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Understanding this equation

  1. Nov 24, 2006 #1
    Whenever there's no acceleration then: (Geodesic equation)

    [tex] \nabla _{u} u =0[/tex]

    where the covariant derivative includes "Christoffel symbols" so [tex] \Gamma_{kl}^{i} =0 [/tex] for an Euclidean space-time..however when generalizing to a system under an acceleration then Gedesic equation becomes:

    [tex] \nabla _{u} u -a^{\mu}=0 [/tex] (foruth dimensional acceleration)

    for a test particle [tex] \acute{{R}^{\mu}}_{\alpha \nu \beta} \acute{u}^{\alpha} \acute{x}^{\nu} \acute{u}^{\beta} = - \acute{f}^{\mu} [/tex]

    where does this 4-dimensional force come from?? :confused: :confused: but if you use "Weak field approximation" then the potential of the particle (and force) is: [tex] \Gamma^{i}_{00} [/tex]

    and using all that how you derive Einstein field equation so [tex] R_{ab}=0 [/tex]
  2. jcsd
  3. Nov 27, 2006 #2

    Chris Hillman

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    Science Advisor

    What causes acceleration?

    From some non-gravitational physical interaction or process.

    Some typical examples:

    1. In a static spherically symmetric perfect fluid solution (often used as an idealized stellar model), in the interior of the fluid ball, bits of fluid are accelerated radially outward by the differential pressure of the fluid, so that their world lines are timelike but nongeodesic curves. This is simply "hydrostatic equilibrium".

    2. In the vacuum region outside such a fluid ball (modeled by a portion of the famous Scharzschild vacuum solution), we might consider "static test particles". These would also have world lines with outward pointing radial acceleration vector. We can think of such test particles as tiny rocket ships firing idealized rocket engines directly inward with just the right thrust to oppose the gravitational attraction of the "star". We would not of course generally attempt to model such rocketry using gtr! Fortunately, in the test model approximation, we don't have to.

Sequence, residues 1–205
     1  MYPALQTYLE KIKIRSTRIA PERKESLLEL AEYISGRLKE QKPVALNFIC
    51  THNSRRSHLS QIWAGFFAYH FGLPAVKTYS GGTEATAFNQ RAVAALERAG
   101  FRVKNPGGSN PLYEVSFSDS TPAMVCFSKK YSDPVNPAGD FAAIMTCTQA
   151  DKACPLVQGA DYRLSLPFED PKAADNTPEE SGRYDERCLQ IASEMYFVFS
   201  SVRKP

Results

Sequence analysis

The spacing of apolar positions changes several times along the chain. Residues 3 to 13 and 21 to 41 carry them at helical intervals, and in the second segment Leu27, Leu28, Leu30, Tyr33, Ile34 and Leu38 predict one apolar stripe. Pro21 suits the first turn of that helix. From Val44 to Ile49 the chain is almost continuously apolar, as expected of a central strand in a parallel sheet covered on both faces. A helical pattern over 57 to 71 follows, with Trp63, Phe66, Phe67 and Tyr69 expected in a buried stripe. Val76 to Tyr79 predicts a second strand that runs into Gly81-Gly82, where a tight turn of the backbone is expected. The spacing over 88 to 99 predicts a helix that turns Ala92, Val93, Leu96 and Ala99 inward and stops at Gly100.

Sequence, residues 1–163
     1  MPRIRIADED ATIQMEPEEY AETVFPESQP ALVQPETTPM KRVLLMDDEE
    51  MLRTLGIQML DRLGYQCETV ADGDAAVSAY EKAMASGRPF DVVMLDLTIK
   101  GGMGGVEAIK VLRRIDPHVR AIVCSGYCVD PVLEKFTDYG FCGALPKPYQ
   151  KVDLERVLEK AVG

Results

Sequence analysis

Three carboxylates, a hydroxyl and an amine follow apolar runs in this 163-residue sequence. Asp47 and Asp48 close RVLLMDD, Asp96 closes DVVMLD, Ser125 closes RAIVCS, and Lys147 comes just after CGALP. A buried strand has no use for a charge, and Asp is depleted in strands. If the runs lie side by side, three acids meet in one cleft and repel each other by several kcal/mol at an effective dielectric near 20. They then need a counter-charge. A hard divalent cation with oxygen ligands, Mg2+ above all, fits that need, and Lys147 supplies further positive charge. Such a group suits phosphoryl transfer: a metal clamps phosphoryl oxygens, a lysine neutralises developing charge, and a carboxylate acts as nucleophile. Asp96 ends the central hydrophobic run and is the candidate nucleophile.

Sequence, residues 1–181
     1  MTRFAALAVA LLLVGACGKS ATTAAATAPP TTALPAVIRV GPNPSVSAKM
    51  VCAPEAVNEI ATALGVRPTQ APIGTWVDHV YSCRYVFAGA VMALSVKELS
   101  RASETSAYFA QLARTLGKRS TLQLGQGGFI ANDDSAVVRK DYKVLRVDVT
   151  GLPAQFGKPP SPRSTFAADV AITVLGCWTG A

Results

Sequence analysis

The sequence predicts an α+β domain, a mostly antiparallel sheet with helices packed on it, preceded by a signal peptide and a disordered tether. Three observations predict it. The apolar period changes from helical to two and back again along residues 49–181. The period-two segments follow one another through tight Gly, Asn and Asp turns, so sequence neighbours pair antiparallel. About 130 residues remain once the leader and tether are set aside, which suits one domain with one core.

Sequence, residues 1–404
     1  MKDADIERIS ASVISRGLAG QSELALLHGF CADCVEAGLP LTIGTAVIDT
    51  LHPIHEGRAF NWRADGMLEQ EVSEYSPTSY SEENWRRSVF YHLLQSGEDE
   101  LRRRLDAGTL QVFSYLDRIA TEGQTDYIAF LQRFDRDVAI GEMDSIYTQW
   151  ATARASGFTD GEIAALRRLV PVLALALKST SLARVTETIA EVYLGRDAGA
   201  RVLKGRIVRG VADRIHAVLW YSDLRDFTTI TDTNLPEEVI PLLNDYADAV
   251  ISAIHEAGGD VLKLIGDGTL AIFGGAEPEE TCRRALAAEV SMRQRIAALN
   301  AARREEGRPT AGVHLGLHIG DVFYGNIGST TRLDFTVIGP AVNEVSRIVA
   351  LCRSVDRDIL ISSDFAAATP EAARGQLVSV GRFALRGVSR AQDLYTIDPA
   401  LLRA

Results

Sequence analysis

3. In an "electrovacuum solution" (say the region outside an isolated charged object), a charged particle will in general be accelerated by the Lorentz force, just as in ordinary electromagnetism, but fixed up to work in a curved spacetime.

    A more exotic example: according to gtr, nonspinning uncharged test particles (in an electrovacuum region outside a rotating magnetized neutron star, say) will have world lines which are timelike geodesics. However, if the test particle is spinning, in principle it will experience tiny spin-spin forces which will force its world line off a geodesic. In terms of the Bel decomposition of the Riemann curvature tensor, these spin-spin forces can be computed from the magnetogravitic tensor in a manner similar to how one can compute tidal forces from the electrogravitic tensor. They work a bit like the electromagnetic interaction of two dipole magnets, although such analogies are potentially misleading.

    I should also stress that when you crunch the numbers, in most scenarios spin-spin forces turn out be very weak. Nonethelss, you might be wondering: could two spinning black holes, with coaxial and opposite spins, perhaps, in principle, be held in static equilibrium by the spin-spin force counteracting their mutual "mass monopole" gravitational attraction? This question was the focus of a protracted debate in the research literature some years ago, but this appears to have been settled in the negative.

    Chris Hillman
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